For signal sources with high output resistors, thermal and excess noise from resistors (see Chapter 54)must be included. For first- and second-order filters, noise bandwidth is slightly larger than signalbandwidth. Motchenbacher and Connelly [4] show how to calculate noise bandwidth, resistor noise, andnoise transfer functions when different from signal transfer functions.
Low-noise design always seeks the minimal bandwidth required for the signal. When amplifying low-frequency signals, if a large capacitor Ci is connected across the input terminals in Figure 80.5, then noiseand interference having a frequency larger than f0 = 1/2p(2Ro)Ci (f0 << fs) will be attenuated.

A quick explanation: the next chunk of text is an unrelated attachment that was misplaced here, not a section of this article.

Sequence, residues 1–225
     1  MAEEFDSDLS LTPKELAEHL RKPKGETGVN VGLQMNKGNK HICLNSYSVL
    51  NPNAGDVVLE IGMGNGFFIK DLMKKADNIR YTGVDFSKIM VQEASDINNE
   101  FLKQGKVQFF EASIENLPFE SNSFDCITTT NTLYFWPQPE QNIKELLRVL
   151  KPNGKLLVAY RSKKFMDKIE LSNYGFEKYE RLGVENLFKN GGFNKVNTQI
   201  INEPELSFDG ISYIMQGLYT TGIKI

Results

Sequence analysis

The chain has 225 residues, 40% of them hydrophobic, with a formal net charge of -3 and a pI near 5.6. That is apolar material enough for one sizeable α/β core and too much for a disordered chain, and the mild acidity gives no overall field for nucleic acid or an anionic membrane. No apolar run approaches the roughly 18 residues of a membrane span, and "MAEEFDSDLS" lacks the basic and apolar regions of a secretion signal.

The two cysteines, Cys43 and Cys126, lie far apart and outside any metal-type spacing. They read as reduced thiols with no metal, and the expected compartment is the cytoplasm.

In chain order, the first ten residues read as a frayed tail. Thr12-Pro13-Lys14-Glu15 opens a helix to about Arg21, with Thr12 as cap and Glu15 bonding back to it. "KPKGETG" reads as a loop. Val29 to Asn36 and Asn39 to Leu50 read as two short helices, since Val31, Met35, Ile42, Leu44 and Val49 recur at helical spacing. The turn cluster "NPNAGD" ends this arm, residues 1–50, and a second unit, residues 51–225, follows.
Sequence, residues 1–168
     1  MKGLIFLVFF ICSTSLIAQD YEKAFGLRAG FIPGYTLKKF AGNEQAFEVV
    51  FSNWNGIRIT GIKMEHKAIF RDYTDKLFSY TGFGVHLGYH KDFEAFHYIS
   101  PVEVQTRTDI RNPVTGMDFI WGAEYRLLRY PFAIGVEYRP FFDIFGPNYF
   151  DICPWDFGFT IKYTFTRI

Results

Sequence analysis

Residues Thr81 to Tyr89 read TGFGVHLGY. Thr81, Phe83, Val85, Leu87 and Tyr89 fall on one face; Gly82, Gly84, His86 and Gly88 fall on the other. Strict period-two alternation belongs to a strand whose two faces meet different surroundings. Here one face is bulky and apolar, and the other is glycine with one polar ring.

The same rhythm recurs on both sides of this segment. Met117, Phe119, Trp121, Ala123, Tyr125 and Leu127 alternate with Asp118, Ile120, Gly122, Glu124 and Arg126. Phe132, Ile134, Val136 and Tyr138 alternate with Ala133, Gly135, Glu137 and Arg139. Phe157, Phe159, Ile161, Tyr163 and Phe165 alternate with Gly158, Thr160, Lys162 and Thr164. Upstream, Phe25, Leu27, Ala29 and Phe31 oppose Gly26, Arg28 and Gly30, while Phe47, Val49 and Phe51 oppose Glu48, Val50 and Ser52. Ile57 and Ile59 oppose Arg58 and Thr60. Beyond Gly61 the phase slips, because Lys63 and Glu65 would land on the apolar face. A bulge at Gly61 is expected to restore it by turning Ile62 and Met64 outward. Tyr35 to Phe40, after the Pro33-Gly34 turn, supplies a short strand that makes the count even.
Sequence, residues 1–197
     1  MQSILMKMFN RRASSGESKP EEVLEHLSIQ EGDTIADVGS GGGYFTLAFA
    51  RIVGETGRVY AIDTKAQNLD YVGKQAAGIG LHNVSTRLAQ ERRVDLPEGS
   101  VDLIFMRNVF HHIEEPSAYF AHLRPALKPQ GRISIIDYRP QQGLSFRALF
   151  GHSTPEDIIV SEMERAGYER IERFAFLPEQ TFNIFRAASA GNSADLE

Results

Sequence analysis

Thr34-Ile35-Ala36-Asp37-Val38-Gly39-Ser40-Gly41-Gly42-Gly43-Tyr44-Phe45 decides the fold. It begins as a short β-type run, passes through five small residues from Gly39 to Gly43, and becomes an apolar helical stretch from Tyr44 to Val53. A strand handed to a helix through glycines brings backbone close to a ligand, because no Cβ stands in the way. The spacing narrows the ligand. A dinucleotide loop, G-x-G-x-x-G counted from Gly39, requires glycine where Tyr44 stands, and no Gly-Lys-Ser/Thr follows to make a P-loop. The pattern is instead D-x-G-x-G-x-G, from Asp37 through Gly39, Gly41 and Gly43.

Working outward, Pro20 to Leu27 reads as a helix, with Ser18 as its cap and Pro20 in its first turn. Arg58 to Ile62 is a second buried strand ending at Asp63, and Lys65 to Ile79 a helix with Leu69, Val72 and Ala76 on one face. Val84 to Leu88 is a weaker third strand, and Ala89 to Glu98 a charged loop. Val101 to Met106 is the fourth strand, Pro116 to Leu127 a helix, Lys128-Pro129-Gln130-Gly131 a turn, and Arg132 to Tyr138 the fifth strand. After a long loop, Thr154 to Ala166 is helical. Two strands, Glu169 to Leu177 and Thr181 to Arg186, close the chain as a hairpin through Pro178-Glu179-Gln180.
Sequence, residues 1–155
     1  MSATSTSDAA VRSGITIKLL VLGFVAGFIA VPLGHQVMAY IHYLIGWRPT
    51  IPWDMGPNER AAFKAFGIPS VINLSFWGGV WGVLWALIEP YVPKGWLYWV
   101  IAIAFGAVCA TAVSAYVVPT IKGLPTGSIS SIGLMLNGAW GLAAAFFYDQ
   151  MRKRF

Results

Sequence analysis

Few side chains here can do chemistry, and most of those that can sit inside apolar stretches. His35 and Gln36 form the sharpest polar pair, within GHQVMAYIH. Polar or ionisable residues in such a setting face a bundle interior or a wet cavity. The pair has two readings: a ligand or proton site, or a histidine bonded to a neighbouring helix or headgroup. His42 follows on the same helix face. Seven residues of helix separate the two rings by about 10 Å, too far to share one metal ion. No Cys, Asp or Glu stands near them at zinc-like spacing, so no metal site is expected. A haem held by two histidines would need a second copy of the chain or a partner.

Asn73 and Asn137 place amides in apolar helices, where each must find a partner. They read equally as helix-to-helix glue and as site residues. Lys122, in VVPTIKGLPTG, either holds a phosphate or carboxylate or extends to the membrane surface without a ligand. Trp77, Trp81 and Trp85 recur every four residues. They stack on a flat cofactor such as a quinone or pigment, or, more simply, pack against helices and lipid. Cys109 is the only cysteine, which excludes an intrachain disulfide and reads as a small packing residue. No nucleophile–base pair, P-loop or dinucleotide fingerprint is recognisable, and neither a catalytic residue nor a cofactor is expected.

Another possible source of error for any IA, not included in Equation 80.5, is the slew rate limit of itsoutput stage. Because of the limited current available, the voltage at the output terminal cannot changefaster than a specified value SR. Then, if the maximal amplitude A of an output sine wave of frequency fexceeds
(80.24)
there will be a waveform distortion.Table 80.1 lists some basic specifications for IC instrumentation amplifies whose gain G can be set by
an external resistor or a single connection.
Instrumentation Amplifiers Built from Discrete Parts